Beautiful, serene and filled with many wonders to entice adventure seekers, Colorado and California ski and snowboard destinations have been the lucky recipients of a powder-rich winter. That means Las Vegas travelers still have time for a mountain getaway. At Snowmass and Mammoth Mountain, they’ll find legendary slopes, fine dining, memorable culture and a few pleasant reminders of home.
The Rocky Mountain resort, just a stone’s throw from Colorado’s ever-quaint (and ever-trendy) Aspen village, boasts one of the area’s most luxurious accommodations, the Viceroy. With a culinary program crafted by Las Vegas-based Blau + Associates, the enclave is perfect for those who seek not only challenging runs on legendary Colorado powder but also the finest food and beverage. And with the mountain not set to close until April 10, there are still a few weeks of fun to be had.
Where to stay: Operated by the Kor Group and designed by Jean-Michel Gathy, guest rooms at the Viceroy Snowmass range from studios to four-bedroom units. The lobby sets a brilliant stage for a relaxed stay, making guests feel as if they have secured their very own mountain getaway. Get comfy on the oversize chairs with a complimentary morning coffee or kick back fireside at Eight K, the Viceroy’s signature restaurant. Pastry chef Ashley Jenkin of Simon Las Vegas fame crafts special sweet takeaways for the lobby as well as delicious finishing fare for both Eight K and Nest, a quaint sushi bar on property. Kelly Wearstler, known for her vibrant designs that have graced other Viceroy properties, was the eye behind Nest and the pool area. Francis Mo, another Las Vegas alumnus, from Shibuya at MGM Grand, is at the helm of this specialized eatery that offers extravagant and creative rolls and noodles.
How to get there: Las Vegas has no direct flights, but you can fly into Aspen after one or two connections for about $400. If money is a concern, check out Las Vegas-based Allegiant Air, which flies to Grand Junction, Colo., twice a week with fares as low as $30. Grand Junction is about a two-hour drive from Aspen.
Beyond the snow: The Viceroy Snowmass closes on April 11 for what locals call “mud season” and reopens May 26. However, it resumes operation for undoubtedly the area’s most lauded event, the Food & Wine Classic, June 17-19 in Aspen. This year, Las Vegas’ newest culinary darling, José Andrés, will teach a class on sexy vegetable dishes.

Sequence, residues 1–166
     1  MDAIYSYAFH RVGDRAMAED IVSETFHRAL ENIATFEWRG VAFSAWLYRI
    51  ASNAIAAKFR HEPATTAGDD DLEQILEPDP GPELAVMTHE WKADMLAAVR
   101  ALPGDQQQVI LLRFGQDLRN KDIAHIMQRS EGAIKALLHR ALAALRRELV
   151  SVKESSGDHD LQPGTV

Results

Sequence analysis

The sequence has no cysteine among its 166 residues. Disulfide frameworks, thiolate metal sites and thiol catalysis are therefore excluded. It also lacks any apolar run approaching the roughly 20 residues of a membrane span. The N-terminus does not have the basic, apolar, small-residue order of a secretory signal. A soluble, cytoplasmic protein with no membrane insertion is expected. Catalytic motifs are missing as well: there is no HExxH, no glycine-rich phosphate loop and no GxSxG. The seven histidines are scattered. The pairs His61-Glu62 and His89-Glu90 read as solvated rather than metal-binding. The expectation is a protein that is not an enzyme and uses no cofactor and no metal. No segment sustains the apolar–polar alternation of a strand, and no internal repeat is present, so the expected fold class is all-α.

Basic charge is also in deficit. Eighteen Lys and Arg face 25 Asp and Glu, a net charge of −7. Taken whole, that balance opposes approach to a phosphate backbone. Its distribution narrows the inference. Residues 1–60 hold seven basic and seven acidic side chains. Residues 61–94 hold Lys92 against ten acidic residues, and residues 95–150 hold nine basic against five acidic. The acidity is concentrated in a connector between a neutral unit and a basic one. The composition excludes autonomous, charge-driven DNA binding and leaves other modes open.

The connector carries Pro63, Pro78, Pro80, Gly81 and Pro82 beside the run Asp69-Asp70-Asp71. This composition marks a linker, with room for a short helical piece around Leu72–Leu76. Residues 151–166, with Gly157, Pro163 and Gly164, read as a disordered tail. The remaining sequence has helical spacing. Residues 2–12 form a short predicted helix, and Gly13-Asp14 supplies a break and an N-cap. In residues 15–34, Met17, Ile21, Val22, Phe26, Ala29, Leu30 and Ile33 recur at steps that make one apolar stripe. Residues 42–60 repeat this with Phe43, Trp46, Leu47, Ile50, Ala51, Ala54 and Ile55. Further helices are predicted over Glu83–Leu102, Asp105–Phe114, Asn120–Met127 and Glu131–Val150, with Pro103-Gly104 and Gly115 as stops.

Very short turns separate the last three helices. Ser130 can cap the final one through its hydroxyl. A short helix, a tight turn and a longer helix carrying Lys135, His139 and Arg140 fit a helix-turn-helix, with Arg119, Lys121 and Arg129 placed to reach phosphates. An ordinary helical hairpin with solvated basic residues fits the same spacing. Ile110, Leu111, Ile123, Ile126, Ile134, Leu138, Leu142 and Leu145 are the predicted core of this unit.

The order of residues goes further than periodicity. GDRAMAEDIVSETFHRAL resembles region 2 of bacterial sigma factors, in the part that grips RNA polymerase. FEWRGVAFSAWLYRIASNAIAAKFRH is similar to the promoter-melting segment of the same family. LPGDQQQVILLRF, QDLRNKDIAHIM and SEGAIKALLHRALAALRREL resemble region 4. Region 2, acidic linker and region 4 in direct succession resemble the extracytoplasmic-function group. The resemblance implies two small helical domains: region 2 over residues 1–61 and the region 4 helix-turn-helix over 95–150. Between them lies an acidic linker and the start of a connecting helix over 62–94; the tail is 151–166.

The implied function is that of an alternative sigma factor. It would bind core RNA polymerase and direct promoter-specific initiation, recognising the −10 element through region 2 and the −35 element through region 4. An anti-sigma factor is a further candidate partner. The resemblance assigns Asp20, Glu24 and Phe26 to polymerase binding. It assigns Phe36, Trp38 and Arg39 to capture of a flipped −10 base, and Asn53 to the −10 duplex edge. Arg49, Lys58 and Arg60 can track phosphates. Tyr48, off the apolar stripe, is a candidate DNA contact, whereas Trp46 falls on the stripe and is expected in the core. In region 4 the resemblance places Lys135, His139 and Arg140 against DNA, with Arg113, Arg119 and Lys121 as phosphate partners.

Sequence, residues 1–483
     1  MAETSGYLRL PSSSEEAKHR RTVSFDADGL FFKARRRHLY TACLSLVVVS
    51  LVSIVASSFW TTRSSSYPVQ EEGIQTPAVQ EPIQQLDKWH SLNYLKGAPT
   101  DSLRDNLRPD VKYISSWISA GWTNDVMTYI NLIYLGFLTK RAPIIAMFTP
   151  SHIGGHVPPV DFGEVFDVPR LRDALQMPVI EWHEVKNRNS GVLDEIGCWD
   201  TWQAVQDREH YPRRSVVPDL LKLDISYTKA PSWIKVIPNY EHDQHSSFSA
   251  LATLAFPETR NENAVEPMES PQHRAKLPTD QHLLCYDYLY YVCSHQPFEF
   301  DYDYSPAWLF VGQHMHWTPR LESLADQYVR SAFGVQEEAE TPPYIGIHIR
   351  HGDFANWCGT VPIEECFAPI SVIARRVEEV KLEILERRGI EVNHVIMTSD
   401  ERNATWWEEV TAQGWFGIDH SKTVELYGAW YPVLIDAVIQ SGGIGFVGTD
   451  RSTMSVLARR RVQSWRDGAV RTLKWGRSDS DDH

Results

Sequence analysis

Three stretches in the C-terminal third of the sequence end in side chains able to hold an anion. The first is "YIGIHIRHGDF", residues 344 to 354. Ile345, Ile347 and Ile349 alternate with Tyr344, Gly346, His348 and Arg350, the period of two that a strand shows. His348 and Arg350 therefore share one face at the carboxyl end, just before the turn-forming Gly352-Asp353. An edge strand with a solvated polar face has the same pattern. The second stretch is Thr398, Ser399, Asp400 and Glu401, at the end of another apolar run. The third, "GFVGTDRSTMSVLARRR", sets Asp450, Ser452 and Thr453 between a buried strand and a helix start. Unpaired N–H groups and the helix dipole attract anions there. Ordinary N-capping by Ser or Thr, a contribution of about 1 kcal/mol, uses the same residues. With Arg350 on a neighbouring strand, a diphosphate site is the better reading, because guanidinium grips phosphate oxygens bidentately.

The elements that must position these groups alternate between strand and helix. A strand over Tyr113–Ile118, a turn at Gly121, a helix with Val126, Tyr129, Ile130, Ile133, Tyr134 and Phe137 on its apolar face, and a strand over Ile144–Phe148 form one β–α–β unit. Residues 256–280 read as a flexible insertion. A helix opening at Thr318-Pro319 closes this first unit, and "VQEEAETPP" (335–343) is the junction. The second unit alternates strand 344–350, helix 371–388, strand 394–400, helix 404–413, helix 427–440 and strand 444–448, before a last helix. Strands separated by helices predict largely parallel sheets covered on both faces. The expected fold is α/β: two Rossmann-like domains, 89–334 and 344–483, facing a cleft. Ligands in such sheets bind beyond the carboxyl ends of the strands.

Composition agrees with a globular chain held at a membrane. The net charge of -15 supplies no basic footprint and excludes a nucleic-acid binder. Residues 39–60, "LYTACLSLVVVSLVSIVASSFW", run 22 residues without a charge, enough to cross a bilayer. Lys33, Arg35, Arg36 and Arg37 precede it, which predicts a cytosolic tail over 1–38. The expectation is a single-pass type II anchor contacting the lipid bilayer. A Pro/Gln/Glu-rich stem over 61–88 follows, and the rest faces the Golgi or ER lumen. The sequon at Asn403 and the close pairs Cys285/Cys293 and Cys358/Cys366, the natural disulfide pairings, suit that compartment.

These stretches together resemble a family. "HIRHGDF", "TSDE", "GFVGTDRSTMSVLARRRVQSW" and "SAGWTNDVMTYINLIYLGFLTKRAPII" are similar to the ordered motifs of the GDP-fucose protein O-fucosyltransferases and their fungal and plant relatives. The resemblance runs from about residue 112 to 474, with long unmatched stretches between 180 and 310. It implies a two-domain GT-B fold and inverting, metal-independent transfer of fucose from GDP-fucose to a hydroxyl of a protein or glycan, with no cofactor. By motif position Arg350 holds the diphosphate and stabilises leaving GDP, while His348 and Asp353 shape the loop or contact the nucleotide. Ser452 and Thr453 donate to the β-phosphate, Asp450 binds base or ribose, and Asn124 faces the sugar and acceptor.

This is one of California’s best snow resorts, with 3,500 acres of terrain for all ability levels. Tucked on the east side of the Sierra Nevada range, 375 miles from Las Vegas, Mammoth offers a dose of culture for those who love the outdoors, thanks to its Art Park, Snowcat food trucks and the Westin Monache, a palatial ski in/ski out hotel. The Mammoth season is set to wrap up on April 24, but there is truly no telling when this paradise will slow down—the 2010 term lasted until July.
Where to stay: The area’s first luxury resort, Westin Monache, meets the expectations of winter thrill seekers with lodging options ranging from studios to luxury two-bedroom units. Each room comes with a pull-out sofa and a kitchenette (two-bedroom units have full kitchens). Après ski, take a dip in the two bubbling Jacuzzis or stroll to the nearby village with its many dining and drinking options. Debating what to do with Fido while on vacation? Bring him and he can relax in his own Westin Heavenly Dog Bed while taking advantage of a full selection of pet amenities.
Where to party: Hospitality management company SBE recently announced it will bring its Hyde Lounge to Bellagio, debuting New Year’s Eve. But for a taste of what’s to come, visit Hyde Lounge Mammoth, which made its debut in 2009 and is a hip addition to this rustic mountain town. Serving happy hour, dinner and cocktails—and of course offering bottle service—Hyde is for the die-hards among us who just can’t take a break from the nightlife.
Where to eat and appreciate: Mammoth made major cultural strides this season, further earning its reputation as a world-class snow town. Capitalizing on the street-food craze, the all-new Roving Mammoth eateries, which reside inside state-of-the-art Snowcats, serve comfort foods such as burritos and calzones to hungry skiers and snowboarders. Also debuting this year, the Art Park is a remarkable gallery on the slopes where visitors can get their culture without taking off their skis. The Art Park features the exhibit I Am Snowboarding, featuring work by 44 photographers paying tribute to legendary snowboarder Jeff Anderson, who died in 2003 at age 23.